2

'He is good at English,'

'That's true.'

And:

'He is good at English,'

'That's right.'

According to Collins dictionary, right is defined as:

If something is right, it is correct and agrees with the facts.

true is defined as:

If something is true, it is based on facts rather than being invented or imagined, and is accurate and reliable.

They seem both refer to concrete fact, what's the difference between them? Any opinion is appreciated, thanks.

3

If there is a nuanced difference, true refers to the utterance (the statement is factual) and right refers to the person's understanding (your understanding is correct).

We tend not to say

His statement was right.

but

His statement was true.

and

He was right.

And even when we say "No, that's not right" after someone says something we know to be incorrect, when we say "That's not right" the meaning is "you have gotten it wrong". We're not saying that the statement is "false" because it could actually be more complicated than a simple binary true/false. We're referring to the speaker's understanding (or misunderstanding) of something.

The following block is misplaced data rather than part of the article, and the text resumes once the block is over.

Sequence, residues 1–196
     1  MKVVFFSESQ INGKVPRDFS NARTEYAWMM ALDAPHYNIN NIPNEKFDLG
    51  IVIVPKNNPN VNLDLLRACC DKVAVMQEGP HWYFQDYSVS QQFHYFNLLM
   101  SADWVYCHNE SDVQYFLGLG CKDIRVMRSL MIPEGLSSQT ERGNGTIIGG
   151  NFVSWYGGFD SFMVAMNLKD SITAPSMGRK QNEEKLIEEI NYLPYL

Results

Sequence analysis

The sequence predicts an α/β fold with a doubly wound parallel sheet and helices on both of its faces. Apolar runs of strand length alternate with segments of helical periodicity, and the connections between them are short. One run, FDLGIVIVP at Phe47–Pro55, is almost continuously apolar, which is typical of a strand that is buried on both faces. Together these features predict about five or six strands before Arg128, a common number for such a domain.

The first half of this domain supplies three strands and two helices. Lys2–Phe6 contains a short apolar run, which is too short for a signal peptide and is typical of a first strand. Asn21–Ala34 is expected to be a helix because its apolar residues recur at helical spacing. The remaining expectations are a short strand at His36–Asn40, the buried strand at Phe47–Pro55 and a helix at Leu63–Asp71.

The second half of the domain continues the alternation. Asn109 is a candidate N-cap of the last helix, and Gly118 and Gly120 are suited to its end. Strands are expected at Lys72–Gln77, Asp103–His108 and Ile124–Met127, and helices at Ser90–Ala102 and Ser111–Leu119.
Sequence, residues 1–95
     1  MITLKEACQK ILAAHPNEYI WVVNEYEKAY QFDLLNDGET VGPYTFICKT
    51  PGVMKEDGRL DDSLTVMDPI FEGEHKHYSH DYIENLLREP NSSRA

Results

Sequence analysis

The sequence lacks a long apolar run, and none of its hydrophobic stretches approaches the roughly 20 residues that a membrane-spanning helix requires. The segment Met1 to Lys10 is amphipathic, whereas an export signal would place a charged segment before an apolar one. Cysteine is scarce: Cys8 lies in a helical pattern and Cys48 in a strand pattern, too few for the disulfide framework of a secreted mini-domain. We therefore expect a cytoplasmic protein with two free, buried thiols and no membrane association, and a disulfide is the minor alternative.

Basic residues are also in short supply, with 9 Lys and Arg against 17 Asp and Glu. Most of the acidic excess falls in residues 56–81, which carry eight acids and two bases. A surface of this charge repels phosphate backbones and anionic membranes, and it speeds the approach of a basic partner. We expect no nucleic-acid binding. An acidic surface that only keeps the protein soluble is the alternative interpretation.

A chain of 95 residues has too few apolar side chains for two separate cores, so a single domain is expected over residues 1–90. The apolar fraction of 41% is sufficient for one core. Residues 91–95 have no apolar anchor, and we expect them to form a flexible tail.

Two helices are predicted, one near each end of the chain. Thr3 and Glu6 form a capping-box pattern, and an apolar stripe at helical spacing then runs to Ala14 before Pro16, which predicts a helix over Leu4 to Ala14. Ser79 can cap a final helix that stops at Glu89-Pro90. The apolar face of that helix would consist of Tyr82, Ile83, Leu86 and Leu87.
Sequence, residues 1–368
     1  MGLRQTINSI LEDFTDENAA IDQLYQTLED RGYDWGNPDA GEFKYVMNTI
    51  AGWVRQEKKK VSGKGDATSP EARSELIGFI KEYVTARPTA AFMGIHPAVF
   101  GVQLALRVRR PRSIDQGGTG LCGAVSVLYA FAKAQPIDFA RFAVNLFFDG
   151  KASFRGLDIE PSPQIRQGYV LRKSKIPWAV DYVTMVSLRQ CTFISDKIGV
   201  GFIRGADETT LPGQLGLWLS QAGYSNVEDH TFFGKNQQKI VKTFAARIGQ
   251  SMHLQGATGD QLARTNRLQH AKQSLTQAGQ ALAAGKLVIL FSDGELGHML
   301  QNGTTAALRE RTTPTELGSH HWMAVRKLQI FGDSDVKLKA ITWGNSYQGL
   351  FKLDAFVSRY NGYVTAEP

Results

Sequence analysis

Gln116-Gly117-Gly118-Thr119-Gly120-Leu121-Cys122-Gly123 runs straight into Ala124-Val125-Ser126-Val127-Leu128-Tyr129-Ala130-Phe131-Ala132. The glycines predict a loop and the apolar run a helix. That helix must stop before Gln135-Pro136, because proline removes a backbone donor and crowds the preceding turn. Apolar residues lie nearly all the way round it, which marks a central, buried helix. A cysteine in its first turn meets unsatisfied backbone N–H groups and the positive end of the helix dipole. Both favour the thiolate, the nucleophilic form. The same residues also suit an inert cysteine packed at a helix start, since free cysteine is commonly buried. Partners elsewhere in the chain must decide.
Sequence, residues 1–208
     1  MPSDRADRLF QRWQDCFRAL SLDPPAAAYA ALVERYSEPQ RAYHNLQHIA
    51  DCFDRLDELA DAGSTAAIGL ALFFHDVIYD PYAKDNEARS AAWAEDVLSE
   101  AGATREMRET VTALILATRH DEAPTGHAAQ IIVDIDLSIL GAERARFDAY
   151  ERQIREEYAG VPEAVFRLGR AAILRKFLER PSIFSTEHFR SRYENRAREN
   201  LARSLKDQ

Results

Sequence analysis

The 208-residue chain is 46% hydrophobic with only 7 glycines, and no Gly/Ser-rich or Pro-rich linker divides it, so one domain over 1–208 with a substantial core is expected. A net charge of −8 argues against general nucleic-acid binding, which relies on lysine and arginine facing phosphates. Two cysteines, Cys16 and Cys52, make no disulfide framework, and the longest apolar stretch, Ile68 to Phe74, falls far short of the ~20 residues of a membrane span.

• Thanks. your last paragraph of your answer is a bit confusing to me. – user239460 Jul 24 '17 at 14:45
  • @user239460: What specifically do you find confusing? – Tᴚoɯɐuo Jul 24 '17 at 15:12
  • "We're not saying that the statement is "false" because it could actually be more complicated than a simple binary true/false. We're referring to the speaker's understanding (or misunderstanding) of something." This part, could you simplify a bit? – user239460 Jul 24 '17 at 15:18
  • @user239460: do you understand what I meant by binary true/false? – Tᴚoɯɐuo Jul 24 '17 at 15:49
  • do you mean computer stuff? i am sure your answer is very good, it's a bit difficult for me to understand it. – user239460 Jul 24 '17 at 16:36

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